19 October 2008

October ’08: Koichiro Kurita

Posted by estelle under: Interviews .

Koirchiro Kurita’s photography stems from the writings of Thoreau which he describes as, “a reminiscence of Zuangzi’s philosophy and so close to the oriental way of understanding nature.”  His connection with nature through his study of perceptual psychology has been central to his work.  Kurita works primarily with an 8×10 view camera, implementing an alternative printing process by hand coating large format platinum prints on handmade Gampi vellum.

Koirchiro Kurita is currently exhibiting his work at Project Basho, and is also offering a Gallery Lecture with Stuart Rome.  For more information on Koirchiro Kurita, please visit his website.

How long have you been working in photography and where did you study?

I have been working for forty years in photography.  I studied perceptual psychology and I devoted myself to the research of visual perception.  I studied how the human could visually perceive movement and I used a camera for my research.  This is when I learned photography- it was completely self-educated.  After I graduated from University, I later on became a photography assistant.  That was my opportunity for learning the professional photography industry.

What equipment do you use and what is your process?

I used an 8×10″ view camera and my photographic process is platinum printing.

What in particular do you enjoy about the platinum print process and working with hand made Japanese paper?

Alfreid Stieglitz used Japanese paper for photogravure and once referred to  platinum printing as “The Prince of Media”.  I, however, wanted to use historical Japanese Gampi paper (called “King of Paper” in Japan) for platinum printing.

You originally worked in the commercial photography, when did you switch to working in the fine art world and why?

When I was forty years old, I encountered Henry D. Thoreau’s “Walden”.  I wanted to photograph landscapes as fine art which I had never pursued as a commercial photographer.

What caused you to move to the United States after living in Japan for 50 years?

During my stay in New York City as a grantee of Asian Cultural Council Grants (can be compared to a Rockefeller Grant), I had the chance to have a solo exhibition at a gallery in the area.  This was my new beginning to work as fine art photography in New York City, and it was a huge difference compared to Japan.  The length of time I had spent in Japan did not matter.

What major differences do you see between the fine art photography world in the United States and Japan?

At that time, there were only two or three fine art photography galleries in Tokyo.

Tell us what draws you to photographing landscapes and the connection you feel to the natural world.

Things in nature are schooled in the rules of the natural world (natural law).  To understand the balance of energy,  we share their existence wisely by preserving the harmony of the whole.  Whether it is for the lively spring green leaves, the dried withered leaves or grass, my photographs are meant to pay respect to their wisdom and beauty.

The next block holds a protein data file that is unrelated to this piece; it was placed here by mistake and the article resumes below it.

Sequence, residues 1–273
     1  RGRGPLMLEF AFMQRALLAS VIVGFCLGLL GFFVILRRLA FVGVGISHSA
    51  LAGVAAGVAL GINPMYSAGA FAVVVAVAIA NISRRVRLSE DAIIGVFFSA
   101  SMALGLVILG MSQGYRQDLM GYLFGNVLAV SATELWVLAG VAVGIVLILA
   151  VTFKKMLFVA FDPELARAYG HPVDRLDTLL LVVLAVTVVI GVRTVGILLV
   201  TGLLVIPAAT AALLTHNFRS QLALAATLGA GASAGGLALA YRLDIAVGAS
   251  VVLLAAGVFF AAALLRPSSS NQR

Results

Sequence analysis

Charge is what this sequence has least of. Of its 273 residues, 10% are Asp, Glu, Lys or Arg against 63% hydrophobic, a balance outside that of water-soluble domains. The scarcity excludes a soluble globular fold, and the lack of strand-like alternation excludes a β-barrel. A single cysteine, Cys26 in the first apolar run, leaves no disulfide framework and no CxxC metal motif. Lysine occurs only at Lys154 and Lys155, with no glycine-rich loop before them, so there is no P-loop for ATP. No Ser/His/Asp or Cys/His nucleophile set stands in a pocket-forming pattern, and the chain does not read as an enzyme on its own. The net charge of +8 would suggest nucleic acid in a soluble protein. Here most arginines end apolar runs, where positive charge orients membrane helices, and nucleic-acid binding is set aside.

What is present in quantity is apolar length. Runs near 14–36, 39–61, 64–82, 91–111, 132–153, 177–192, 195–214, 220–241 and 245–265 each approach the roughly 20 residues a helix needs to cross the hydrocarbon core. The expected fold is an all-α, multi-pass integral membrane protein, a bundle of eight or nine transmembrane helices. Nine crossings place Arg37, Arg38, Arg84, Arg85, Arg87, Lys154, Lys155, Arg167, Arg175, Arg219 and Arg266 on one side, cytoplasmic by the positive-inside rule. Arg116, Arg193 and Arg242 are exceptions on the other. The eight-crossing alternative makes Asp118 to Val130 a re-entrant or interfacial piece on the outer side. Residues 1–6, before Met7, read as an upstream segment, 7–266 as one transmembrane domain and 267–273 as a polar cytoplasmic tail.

In your statement for the series Terrasphere, Hydrosphere, Atmostphere, you say that “The world of Nature embraces Atmosphere, Terrasphere and Hydrosphere (Air, Ground and Water).  Each surface has a connecting border in a mysterior way.”  In what way are you attempting to solve this mystery?

Those expanses, all the things and phenomena including living things like us, exist in time as independent entities.  Though each entity is independent, they never exist alone.  They share the border with other entities and with other spheres.  To recognize the independence of each and all entities, the connection is not in conflict but rather in a state of order and harmony.  Each connection contributes to a harmony of nature as a whole.  My work is the expression of the connection between myself and Nature.  It is also a record of the connection of the things photographed.  Since we are so conditioned to think in words and communicate with each other in words, we seem to neglect our innate ability to use our senses.  This “connection” in Nature is nothing but wordless communication.  Interestingly enough,  photography itself is also a form of communication without words.

Your approach to photography seems poetic and philosophical.  What books, authors, or artists do you find inspirational and how has that inspiration influenced your work?

Edward Weston, Paul Strand, Minor White.  But I am much more influenced by great people who are dedicated in other fields, not necessarily just photography.  Examples are Zhuang Zi, Kinji Imanishi and Henry D. Thoreau.

I was especially influenced by Henry D. Thoreau.  I realized that Thoreau’s vision was reminiscent of the philosophy of Zhuang Zi and it echoed the Oriental way of understanding nature.  The only difference is that Thoreau’s way of thinking was absolutely free from everything.  That was very inspiring and influential for my photography.

Where are some of the locations you photograph?

I don’t specify the location at all.  I go where ever it reminds me of a place I have seen or have been to before.  I think almost no one can tell the specific location where I’ve gone to shoot, and I think it is unnecessary to know.  The important thing is how we communicate with nature and the metaphor I have in mind.

How does the location influence your photographs?

I like to take pictures in areas that have water and plants.  I do not like to photograph places that are too controlled by artificial things.

What can we expect to see from you in the future?

I want to continue to concentrate on human-touched creations in our digital era.  I am currently preparing for my next project.

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